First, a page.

Dr. Kyung-Han Hong is a Principal Investigator of the MIT Research Laboratory of Electronics, and works together with Prof. Franz X. Kaertner in the Optics and Quantum Electronics group. Dr. Hong was educated at the Korea Advanced Institute of Science and Technology (KAIST, South Korea), where he completed his B.A. (1996), his M.S. (1998) and Ph.D. (2003) degrees, all in Physics. After his Ph.D., in 2003 and 2004, he did postdoctoral work at the University of Michigan under Prof. Gérard Mourou, the pioneer of chirped-pulse amplification (CPA) technique. Dr. Hong returned to Korea and had been a Senior Research Scientist at the Advanced Photonics Research Institute (APRI), Gwangju Institute of Science and Technology (GIST) when he joined MIT as a Research Scientist in 2007. He was promoted to a Principal Research Scientist at MIT RLE in 2012.
Dr. Hong’s accomplishments span a range of topics in ultrafast laser science. His research has focused primarily on the ultrashort pulse amplification and its application to high-field physics such as HHG and relativistic optics. He is also active in a wide range of ultrafast optics research topics such as ultrashort pulse generation and measurement techniques. At MIT he has demonstrated many key technologies central to the high-flux high-harmonic generation (HHG)-based table-top soft-X-ray source. Before joining MIT, he developed TW- and PW-class Ti:sapphire CPA lasers and high-repetition-rate Ti:sapphire amplifiers. His contribution in the laser application includes the demonstration of the most efficient HHG, the stable electron acceleration in a laser-plasma wakefield up to ~1 GeV, and soft X-ray lasing in a grazing-incidence geometry.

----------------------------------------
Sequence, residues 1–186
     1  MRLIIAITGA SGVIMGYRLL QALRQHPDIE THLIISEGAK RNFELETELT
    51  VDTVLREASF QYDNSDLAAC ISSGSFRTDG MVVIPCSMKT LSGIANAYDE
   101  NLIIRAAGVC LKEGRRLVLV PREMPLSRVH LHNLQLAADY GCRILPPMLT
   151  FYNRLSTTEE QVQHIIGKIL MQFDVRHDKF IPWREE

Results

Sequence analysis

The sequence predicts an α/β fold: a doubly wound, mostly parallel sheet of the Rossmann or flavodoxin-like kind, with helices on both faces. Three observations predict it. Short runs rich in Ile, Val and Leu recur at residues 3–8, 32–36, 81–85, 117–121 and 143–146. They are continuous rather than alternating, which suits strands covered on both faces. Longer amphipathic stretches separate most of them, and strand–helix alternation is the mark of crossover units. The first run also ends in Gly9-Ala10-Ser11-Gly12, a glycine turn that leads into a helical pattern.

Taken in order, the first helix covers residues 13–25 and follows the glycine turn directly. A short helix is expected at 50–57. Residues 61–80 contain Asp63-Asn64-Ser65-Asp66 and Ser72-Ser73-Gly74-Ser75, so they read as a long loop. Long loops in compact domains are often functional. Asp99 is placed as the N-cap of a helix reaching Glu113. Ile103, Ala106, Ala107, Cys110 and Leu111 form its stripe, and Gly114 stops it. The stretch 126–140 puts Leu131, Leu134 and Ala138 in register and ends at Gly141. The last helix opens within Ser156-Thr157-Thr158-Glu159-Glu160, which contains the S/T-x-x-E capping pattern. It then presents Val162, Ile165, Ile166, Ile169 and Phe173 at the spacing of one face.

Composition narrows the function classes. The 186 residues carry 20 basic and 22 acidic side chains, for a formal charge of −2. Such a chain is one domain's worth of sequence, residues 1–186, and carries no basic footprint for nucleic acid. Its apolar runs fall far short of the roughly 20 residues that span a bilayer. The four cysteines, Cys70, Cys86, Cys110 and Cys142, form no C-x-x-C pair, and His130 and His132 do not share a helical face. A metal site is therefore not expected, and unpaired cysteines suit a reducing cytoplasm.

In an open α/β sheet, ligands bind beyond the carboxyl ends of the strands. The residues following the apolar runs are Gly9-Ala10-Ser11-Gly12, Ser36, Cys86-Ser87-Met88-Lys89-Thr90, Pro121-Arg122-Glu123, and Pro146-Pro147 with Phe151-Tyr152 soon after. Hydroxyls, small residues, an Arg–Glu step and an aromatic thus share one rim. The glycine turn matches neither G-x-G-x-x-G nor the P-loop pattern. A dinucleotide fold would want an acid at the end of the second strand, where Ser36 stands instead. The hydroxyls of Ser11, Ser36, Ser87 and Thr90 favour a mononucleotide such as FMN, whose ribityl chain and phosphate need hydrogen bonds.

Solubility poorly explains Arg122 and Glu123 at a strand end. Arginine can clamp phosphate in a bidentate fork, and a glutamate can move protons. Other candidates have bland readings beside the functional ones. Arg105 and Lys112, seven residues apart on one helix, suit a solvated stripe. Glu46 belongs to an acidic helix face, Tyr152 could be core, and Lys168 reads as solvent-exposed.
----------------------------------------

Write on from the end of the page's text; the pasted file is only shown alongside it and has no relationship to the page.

He has authored and coauthored more than 65 peer-reviewed SCI journal papers, more than 120 international conference papers, and 6 patents in the U.S., Korea, and Japan. He is a regular reviewer of key scientific journals in the area of optics, such as Optics Letters, Optics Express, Applied Optics, and Optics Communications, as well as government-funded grant proposals. Dr. Hong is a member of the Optical Society of America, the Optical Society of Korea, and the Korean Physical Society.